The question of parables is obviously central. Jesus makes the shocking claim that he teaches in parables so the masses won’t understand or be forgiven, though the disciples have been given the key (Mark 4:11). A key point seems to be the parables aren’t just intellectual puzzles to be solved, but must be experienced. The key is that the disciples have the person of Jesus. For instance, Jesus tells Peter he will deny him 3 times, but Peter doesn’t experience the truth of this until he actually does it: “Then Peter remembered the word Jesus had spoken: “Before the rooster crows, you will disown me three times.” And he went outside and wept bitterly. (Mark 14:66–72).” Likewise it is the actual death of Jesus on the cross that transforms the pagan Roman soldier, Jesus merely predicting it left no impression or understanding on the disciples.

We see then like with Plato’s allegory of the cave there is going to be an experiential aspect. It’s not just conceptual knowledge. For example, to understand Plato’s cave allegory on insight perhaps you lived in a world where the traditional definition of marriage was the cherished standard, only to be given in a flash of insight that it unintentionally does violence to LGBTQIA+ rights. Everything thus is reinterpreted in a new light. An allegory is a senses image where something concrete is used to represent something else. Aristotle thus says while most truths can be communicated by assertions, some profound ones require a sense-image, a sense touching (thigein, Aristotle, Met. IX, 10). In this way we have the parable of the cross. From one point of view, where most people stop, we can look at what Jesus accomplished on the cross. But the reverse is also true, we can look at what the world did to Jesus, even his disciples denying him and abandoning him, and so the world becomes aware of its hidden sinfulness and the focal point for how it can change. In this way, contra the conservative penal substitution interpretation of Jesus, Jesus says he didn’t come to abolish the law but fulfill it, eg make it stricter: Adultery is not just the sex act but even a lustful eye. It is when our worldview collides head on with this impossible standard that an opportunity for moral growth is born.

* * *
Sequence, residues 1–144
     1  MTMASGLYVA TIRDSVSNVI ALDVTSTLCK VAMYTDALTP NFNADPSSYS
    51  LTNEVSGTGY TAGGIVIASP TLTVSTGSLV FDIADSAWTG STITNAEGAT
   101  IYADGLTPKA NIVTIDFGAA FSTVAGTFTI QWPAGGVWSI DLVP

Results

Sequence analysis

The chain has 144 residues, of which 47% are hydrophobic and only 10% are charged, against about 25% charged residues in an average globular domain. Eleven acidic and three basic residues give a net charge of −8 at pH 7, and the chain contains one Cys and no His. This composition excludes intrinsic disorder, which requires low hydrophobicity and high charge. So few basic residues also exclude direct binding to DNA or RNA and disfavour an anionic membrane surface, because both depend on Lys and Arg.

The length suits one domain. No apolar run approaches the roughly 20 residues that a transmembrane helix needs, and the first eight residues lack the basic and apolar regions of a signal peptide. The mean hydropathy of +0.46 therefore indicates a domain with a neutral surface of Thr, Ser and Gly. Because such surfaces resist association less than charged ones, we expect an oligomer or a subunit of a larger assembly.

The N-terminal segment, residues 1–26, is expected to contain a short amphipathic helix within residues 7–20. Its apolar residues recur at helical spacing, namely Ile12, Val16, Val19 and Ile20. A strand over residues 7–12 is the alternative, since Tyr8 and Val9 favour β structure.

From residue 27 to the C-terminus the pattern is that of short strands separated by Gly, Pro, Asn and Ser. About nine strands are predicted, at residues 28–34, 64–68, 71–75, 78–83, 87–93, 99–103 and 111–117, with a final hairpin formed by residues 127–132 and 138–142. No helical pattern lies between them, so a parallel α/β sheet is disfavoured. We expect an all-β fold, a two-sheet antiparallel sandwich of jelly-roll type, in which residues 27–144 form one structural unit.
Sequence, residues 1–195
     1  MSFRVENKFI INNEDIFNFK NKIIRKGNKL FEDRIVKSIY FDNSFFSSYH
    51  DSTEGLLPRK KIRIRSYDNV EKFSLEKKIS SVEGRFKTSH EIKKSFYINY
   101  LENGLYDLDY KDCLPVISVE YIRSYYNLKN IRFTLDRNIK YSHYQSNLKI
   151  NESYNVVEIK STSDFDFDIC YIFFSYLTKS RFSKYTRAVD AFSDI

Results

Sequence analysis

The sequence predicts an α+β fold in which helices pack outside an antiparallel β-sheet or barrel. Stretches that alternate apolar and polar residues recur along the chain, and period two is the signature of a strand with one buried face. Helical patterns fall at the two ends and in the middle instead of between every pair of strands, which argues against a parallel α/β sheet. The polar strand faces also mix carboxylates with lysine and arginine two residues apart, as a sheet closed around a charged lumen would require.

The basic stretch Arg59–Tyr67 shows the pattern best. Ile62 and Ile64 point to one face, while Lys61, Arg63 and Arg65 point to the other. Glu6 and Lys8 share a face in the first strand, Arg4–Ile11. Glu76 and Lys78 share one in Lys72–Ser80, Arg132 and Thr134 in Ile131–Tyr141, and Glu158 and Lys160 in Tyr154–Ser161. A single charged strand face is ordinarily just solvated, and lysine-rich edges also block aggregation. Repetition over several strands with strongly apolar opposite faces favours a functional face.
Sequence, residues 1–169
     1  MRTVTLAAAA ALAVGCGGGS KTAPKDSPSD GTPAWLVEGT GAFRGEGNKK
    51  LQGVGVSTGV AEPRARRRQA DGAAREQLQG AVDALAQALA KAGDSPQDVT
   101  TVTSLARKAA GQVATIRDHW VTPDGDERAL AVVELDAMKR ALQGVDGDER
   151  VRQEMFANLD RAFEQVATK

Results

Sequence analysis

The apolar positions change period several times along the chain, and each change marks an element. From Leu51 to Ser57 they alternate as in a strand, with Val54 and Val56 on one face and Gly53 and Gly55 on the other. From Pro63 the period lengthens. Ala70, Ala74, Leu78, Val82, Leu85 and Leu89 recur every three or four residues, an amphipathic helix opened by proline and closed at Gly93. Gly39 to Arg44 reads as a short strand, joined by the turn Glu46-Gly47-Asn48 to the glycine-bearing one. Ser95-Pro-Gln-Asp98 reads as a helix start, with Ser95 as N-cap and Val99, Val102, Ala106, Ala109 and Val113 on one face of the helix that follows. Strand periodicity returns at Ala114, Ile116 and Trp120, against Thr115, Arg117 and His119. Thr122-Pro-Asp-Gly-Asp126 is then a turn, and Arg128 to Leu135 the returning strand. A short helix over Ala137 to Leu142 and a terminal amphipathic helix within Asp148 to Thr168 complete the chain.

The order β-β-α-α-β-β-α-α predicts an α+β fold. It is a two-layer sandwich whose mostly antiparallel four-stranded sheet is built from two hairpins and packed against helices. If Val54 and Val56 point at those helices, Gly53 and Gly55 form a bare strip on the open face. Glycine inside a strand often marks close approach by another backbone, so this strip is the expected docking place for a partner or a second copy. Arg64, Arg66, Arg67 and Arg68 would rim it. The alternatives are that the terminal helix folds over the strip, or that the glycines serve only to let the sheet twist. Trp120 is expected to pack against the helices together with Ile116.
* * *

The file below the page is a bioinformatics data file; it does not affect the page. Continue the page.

Paul says the cross isn’t an intellectual concept to be grasped, but to be experienced, which he calls being crucified with Christ, the fleshly part of our hearts being circumcised, like the conversion of the soldier at the cross. In this way, the tearing of the temple veil is not glorious as is often supposed, but terrifying, that no animal sacrifice could ever atone for what the world had done to God’s specially chosen Jesus. Matthew emphasizes the terror of the tearing of the veil by accompanying it with an earthquake. The temple cult was overcome (the withering of the fig tree) because it is realized that it is the opposite of Justice, hence we have the satire of the gross injustice of Barabbas being released because of Jesus being condemned.

Click through the symbol below to get to my Scripture Studies index: